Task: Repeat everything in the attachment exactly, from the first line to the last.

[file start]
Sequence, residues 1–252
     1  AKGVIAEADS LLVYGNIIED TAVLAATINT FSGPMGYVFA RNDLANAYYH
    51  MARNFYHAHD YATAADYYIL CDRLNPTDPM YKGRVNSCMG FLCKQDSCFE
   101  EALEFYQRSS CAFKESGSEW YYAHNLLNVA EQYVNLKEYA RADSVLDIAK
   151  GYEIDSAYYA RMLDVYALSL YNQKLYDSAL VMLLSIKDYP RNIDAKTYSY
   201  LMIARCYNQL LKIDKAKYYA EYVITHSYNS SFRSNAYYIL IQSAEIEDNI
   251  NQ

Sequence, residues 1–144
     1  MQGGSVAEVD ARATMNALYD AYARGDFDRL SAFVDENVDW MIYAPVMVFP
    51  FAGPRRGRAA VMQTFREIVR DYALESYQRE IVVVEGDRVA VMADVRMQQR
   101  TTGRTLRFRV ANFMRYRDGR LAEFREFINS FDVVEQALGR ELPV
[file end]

Sequence, residues 1–252
     1  AKGVIAEADS LLVYGNIIED TAVLAATINT FSGPMGYVFA RNDLANAYYH
    51  MARNFYHAHD YATAADYYIL CDRLNPTDPM YKGRVNSCMG FLCKQDSCFE
   101  EALEFYQRSS CAFKESGSEW YYAHNLLNVA EQYVNLKEYA RADSVLDIAK
   151  GYEIDSAYYA RMLDVYALSL YNQKLYDSAL VMLLSIKDYP RNIDAKTYSY
   201  LMIARCYNQL LKIDKAKYYA EYVITHSYNS SFRSNAYYIL IQSAEIEDNI
   251  NQ

Sequence, residues 1–144
     1  MQGGSVAEVD ARATMNALYD AYARGDFDRL SAFVDENVDW MIYAPVMVFP
    51  FAGPRRGRAA VMQTFREIVR DYALESYQRE IVVVEGDRVA VMADVRMQQR
   101  TTGRTLRFRV ANFMRYRDGR LAEFREFINS FDVVEQALGR ELPV